Brant has travelled all around the Great Lakes basin, interviewing fishermen and scientists. He clearly honors these people and the work they have done. Their pictures and their stories are scattered throughout the book.
Steinorth loves where words come from and how they sound against one another. She loves how they carry meaning and how meaning can overwhelm them. She delights in the history and connotations of the words she uses.
February 25th 5:30-7 in the University of Michigan’s Hatcher Library. The event is part of a series of readings, lectures, and exhibitions as a part of the University of Michigan’s Great Lakes Theme Semester. The reading will be co-hosted by the Hopwood Program. Readings from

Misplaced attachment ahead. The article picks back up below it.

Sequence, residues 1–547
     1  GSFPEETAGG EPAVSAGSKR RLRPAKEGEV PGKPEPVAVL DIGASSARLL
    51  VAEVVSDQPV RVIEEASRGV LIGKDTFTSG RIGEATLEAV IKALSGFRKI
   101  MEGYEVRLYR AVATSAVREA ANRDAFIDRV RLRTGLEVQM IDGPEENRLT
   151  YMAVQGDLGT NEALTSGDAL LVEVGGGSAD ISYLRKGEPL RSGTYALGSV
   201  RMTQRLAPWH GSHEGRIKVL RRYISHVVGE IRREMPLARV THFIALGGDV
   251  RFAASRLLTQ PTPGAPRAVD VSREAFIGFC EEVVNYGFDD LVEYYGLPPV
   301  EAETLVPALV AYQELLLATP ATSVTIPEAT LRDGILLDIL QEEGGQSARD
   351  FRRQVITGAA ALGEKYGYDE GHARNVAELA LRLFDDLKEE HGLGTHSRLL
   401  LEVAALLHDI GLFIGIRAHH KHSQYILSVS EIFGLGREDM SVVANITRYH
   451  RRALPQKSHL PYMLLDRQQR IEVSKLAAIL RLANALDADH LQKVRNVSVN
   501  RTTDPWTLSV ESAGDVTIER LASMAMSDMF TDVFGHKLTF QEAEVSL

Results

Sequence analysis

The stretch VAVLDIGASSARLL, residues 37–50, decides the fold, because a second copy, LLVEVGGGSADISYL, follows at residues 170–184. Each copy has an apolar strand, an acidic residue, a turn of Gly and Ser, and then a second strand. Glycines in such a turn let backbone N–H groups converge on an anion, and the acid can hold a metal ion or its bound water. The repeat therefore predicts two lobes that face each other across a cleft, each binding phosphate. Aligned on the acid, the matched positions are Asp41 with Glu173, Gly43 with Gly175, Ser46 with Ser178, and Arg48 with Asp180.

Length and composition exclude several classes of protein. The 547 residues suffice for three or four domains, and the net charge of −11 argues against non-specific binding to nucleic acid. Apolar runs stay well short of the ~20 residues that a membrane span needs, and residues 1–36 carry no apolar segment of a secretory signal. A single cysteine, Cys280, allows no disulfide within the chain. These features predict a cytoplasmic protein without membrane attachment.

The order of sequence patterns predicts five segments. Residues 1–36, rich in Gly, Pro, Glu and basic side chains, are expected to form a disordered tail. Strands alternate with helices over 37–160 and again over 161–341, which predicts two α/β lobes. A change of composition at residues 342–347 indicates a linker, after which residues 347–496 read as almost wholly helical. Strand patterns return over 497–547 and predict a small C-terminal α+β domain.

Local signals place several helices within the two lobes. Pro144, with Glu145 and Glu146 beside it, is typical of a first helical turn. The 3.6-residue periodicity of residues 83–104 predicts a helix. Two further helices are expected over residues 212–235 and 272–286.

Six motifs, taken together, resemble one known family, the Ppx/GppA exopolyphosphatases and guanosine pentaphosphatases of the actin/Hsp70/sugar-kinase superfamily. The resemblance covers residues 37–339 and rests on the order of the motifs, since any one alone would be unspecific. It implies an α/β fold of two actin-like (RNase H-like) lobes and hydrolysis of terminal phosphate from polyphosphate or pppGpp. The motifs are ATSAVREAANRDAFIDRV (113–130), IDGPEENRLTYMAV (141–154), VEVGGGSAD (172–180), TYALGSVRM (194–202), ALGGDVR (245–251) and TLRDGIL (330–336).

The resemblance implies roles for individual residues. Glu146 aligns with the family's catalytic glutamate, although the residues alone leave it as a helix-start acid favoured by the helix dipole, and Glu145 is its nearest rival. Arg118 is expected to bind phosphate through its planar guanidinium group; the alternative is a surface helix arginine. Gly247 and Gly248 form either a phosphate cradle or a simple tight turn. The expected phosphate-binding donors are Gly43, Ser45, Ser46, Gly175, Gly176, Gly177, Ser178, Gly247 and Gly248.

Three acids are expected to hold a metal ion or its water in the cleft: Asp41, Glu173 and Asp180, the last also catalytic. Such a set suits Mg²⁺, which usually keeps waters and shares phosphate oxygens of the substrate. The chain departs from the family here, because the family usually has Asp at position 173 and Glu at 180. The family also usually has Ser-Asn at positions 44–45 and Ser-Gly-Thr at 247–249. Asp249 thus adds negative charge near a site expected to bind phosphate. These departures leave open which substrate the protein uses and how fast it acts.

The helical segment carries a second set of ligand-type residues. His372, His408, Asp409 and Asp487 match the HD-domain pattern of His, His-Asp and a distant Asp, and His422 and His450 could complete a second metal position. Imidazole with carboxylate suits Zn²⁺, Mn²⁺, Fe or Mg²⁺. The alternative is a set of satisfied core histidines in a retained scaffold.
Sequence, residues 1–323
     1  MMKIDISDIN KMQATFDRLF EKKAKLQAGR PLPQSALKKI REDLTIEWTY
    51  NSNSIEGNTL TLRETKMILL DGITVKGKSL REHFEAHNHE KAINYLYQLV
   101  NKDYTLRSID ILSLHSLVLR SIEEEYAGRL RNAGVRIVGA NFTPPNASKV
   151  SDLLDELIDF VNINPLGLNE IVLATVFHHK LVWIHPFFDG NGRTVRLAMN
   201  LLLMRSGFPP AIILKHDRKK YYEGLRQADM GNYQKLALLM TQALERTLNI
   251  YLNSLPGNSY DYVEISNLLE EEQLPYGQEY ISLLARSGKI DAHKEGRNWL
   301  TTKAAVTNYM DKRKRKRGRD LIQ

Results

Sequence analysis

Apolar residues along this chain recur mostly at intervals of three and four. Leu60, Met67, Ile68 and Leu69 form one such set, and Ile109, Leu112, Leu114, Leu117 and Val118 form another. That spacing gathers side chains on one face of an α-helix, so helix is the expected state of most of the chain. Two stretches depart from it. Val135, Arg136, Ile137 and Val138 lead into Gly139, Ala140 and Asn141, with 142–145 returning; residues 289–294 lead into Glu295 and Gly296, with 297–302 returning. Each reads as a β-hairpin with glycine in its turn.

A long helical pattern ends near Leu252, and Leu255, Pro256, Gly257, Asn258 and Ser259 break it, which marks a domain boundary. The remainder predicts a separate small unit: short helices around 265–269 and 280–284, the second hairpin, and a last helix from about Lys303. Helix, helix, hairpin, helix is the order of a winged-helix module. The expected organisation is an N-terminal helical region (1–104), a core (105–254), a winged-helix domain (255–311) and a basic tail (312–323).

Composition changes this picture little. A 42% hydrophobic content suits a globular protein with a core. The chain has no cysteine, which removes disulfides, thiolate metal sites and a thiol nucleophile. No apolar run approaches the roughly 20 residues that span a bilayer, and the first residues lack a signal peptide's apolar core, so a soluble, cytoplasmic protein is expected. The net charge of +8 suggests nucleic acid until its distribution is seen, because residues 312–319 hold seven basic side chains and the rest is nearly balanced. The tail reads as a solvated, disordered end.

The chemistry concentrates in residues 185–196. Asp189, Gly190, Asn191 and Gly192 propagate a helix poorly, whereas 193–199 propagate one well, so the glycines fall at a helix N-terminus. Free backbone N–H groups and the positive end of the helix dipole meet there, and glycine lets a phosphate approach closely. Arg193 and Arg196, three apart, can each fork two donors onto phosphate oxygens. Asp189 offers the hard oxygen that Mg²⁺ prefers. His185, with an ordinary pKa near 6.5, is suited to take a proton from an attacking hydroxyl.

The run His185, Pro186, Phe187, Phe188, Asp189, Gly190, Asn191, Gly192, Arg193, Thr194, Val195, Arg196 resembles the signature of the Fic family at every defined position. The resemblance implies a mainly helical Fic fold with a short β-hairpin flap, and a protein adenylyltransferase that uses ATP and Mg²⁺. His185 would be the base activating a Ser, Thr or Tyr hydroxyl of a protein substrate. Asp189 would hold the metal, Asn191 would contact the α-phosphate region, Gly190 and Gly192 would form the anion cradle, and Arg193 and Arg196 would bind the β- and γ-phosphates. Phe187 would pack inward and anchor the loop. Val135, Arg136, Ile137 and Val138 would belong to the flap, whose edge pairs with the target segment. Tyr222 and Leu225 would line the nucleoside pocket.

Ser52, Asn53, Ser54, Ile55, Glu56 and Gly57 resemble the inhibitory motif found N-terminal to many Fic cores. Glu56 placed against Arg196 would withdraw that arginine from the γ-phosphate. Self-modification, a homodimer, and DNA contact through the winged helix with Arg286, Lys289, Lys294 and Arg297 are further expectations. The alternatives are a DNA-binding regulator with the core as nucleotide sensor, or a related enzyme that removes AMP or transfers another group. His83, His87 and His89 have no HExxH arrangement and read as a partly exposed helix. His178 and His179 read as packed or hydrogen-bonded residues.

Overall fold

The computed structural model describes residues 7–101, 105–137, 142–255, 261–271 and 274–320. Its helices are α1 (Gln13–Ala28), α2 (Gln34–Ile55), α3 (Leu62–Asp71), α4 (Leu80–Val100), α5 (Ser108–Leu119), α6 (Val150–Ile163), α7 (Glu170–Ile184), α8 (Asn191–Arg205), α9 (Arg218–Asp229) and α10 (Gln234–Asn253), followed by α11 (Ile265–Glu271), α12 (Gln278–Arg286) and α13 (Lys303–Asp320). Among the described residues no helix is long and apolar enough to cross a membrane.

Perhaps it was that sense of loss that sent her out searching for different kinds of beech trees, that sent her rooting around in the old books collecting lore and the attempts at early science, that forced her to learn everything she could about these trees.
Our Winter 2018 issue pays tribute to the presence of poetry at the University of Michigan. This special issue offers an in-depth look at some of the poets, past and present, who have made significant contributions to the growth and cultivation of poetry at the university, including Robert Frost, Seamus Heaney, and Donald Hall.
Former MQR poetry editor Keith Taylor curated the issue’s content, including poetry by Lorna Goodison, Paisley Rekdal, and Laura Kasischke, as well as essays and interviews.